Doctors Rethinking Aspirin-Plavix Combination

Blood-thinning regimen can double death risk if used to prevent first heart attack, study finds

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By Steven Reinberg
HealthDay Reporter

MONDAY, March 13, 2006 (HealthDay News) -- A startling new study has doctors rethinking the practice of prescribing the blood thinner Plavix in combination with low-dose aspirin to patients at risk of a first heart attack or stroke.

The international study included more than 15,000 patients with heart disease or risk factors for heart disease. The conclusion: The tandem therapy was of some benefit to those with diagnosed heart disease, but it nearly doubled the risk of death, heart attack or stroke in patients with heart-threatening conditions such as high cholesterol and high blood pressure.

Study co-author Dr. Eric Topol, a professor of genetics at Case Western Reserve University in Cleveland and a leading U.S. heart expert, urged doctors Monday to stop prescribing Plavix (clopidogrel) plus aspirin to patients who have not had a previous heart attack or stroke.

The researchers stressed that Plavix-plus-aspirin still has a place in preventing a second heart attack or stroke, however.

"This trial was a big surprise," Topol said. "We never would have thought that in primary prevention it [the Plavix-aspirin combination] would backfire in high-risk patients."

"Any physician who is using Plavix and aspirin as a primary prevention shouldn't do that," Topol stressed. He said he wasn't sure how many doctors are using the drug combination this way, but he suspects that the number is significant.

The researchers found an excess of bleeding and deaths among the study patients at risk of heart disease who received the combination therapy, Topol said. "This was not expected."

Findings from the study, called CHARISMA (Clopidogrel for High Atherothrombotic Risk and Ischemic Stabilization, Management and Avoidance), were presented Sunday at the annual meeting of the American College of Cardiology in Atlanta. The report was also published online by The New England Journal of Medicine, to coincide with the meeting.

Funding for the trial was provided by the makers and distributors of Plavix, Sanofi-Aventis and Bristol-Myers Squibb.

In the trial, 15,603 patients in 32 countries with either cardiovascular disease or risk factors for it were randomly selected to receive Plavix plus low-dose aspirin, or a placebo plus low-dose aspirin. The patients were then followed for 28 months.

The researchers found that among patients in whom Plavix and aspirin were used to try to prevent a first heart attack or stroke, 6.6 percent of the patients died or had a heart attack or stroke, compared with 5.5 percent of the patients taking aspirin alone.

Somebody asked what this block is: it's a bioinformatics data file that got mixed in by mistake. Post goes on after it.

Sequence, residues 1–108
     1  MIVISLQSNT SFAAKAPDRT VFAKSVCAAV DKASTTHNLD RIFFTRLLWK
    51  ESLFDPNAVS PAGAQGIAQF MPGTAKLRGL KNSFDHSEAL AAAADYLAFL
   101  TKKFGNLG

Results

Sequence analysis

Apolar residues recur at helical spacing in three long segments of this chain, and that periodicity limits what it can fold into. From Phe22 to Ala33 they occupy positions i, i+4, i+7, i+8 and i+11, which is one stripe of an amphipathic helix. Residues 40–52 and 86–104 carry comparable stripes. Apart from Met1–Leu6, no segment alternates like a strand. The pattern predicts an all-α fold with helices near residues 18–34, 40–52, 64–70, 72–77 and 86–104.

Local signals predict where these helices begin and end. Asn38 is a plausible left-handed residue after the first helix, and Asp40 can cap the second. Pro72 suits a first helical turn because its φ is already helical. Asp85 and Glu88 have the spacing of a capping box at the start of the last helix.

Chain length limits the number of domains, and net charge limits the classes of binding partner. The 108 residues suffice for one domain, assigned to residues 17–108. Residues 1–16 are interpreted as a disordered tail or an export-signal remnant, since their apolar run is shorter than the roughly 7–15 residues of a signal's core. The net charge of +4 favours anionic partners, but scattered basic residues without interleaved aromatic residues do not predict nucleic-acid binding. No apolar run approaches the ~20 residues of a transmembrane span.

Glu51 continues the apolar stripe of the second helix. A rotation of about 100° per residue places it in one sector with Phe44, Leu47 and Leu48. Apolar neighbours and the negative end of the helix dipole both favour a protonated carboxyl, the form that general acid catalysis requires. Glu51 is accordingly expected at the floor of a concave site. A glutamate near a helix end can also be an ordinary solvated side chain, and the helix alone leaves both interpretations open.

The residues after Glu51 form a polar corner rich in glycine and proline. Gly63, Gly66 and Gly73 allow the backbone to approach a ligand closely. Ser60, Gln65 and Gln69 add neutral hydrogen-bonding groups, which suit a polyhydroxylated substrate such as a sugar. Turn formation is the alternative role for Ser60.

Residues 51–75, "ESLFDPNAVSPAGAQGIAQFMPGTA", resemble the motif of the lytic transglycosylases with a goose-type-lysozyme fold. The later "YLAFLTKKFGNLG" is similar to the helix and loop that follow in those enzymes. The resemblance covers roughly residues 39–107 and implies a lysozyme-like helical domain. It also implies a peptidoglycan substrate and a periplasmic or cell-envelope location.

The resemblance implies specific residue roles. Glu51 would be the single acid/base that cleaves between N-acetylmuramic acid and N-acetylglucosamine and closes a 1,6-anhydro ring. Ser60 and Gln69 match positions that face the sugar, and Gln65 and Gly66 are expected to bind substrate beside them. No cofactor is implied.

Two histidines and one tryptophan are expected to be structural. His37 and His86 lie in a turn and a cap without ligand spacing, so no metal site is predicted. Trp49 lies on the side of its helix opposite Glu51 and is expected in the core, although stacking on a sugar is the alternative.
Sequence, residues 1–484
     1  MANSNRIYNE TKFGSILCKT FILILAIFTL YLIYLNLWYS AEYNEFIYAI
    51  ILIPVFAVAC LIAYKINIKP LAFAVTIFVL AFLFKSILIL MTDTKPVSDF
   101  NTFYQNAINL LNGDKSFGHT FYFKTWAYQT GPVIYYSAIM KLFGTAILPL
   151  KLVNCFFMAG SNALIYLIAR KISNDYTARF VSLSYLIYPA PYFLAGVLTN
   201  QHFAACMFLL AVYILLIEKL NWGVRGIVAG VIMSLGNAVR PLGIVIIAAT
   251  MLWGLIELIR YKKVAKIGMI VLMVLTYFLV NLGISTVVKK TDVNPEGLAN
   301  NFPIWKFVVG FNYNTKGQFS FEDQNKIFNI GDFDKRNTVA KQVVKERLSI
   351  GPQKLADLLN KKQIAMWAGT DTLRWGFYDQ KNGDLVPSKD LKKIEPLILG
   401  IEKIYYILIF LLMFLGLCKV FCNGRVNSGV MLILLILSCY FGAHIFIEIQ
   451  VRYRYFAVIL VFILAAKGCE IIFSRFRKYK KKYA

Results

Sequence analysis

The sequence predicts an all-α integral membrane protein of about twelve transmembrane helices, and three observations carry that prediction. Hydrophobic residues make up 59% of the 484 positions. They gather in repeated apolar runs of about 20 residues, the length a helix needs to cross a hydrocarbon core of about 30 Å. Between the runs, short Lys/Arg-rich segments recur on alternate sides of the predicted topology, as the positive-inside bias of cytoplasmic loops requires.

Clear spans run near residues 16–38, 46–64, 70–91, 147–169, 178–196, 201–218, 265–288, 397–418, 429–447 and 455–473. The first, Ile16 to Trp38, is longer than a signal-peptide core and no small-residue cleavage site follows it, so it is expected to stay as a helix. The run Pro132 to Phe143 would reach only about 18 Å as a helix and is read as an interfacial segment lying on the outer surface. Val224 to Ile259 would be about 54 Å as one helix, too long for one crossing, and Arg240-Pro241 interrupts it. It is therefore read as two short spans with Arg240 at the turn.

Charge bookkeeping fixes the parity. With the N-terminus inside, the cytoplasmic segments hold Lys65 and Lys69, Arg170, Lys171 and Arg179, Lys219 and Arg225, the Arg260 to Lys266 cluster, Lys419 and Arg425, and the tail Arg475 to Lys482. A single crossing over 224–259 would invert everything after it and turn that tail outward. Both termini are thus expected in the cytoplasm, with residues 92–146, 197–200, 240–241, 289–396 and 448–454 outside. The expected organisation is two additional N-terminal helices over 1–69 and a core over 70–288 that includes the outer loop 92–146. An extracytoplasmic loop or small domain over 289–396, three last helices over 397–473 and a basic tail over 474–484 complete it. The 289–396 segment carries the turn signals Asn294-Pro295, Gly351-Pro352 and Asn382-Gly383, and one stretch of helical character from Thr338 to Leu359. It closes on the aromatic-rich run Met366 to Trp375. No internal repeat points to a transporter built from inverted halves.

Among those receiving Plavix and aspirin, 3.9 percent died of cardiovascular disease, compared with 2.2 percent of those receiving aspirin alone, the study authors reported.

However, among patients who had diagnosed heart disease at the start of the trial, 6.9 percent of those receiving Plavix plus aspirin died or had a second heart attack or stroke, compared with 7.9 percent of those taking aspirin alone.

"Plavix didn't do well for patients in primary prevention," Topol said. "For patients with established vascular disease there was some benefit. Among these patients there was nearly a 20 percent reduction of death, heart attack, or stroke."

Topol noted that when taken alone, aspirin and Plavix have about the same benefit in preventing a first heart attack or stroke. But aspirin is much less expensive, he noted.

One expert thinks the findings should be heeded.

"It has been known or assumed that clopidogrel is useful in patients with coronary disease, particularly high-risk ones, from previous trials," said Dr. David D. Waters, the chief of cardiology at San Francisco General Hospital and a professor of medicine at the University of California, San Francisco.

"CHARISMA strongly suggests that if you don't have symptomatic coronary disease yet, the drug [Plavix] probably causes more harm than good," Waters said. "There are other useful treatments for high-risk primary prevention -- aspirin and statins for example. So, we should focus on those, and forget about clopidogrel, for these patients," he advised.

Another expert thinks the findings and others make it essential to reconsider who should be prescribed Plavix and aspirin together.

"Last year we learned that Plavix has a greater risk for gastrointestinal bleeding than previously thought," said Dr. Byron Cryer, an associate professor of medicine at the University of Texas Southwestern Medical School, Dallas.

"This year we learned that the combination of Plavix plus aspirin is not as effective for the prevention of cardiovascular events as we previously thought. In sum, this means that the benefit-to-risk ratio of Plavix has become even narrower," he said.

"Physicians will need to be even more selective in choosing appropriate patients for the aspirin/Plavix combination," Cryer said.

More information

The National Institutes of Health can tell you more about Plavix.

SOURCES: Eric Topol, M.D., professor of genetics, Case Western Reserve University, Cleveland; David D. Waters, M.D., chief of cardiology, San Francisco General Hospital, professor of medicine, University of California, San Francisco; Byron Cryer, M.D., associate professor of medicine, University of Texas Southwestern Medical School, Dallas; March 12, 2006, presentation, 55th annual scientific sessions of the American College of Cardiology, Atlanta; March 12, 2006, New England Journal of Medicine, early release online

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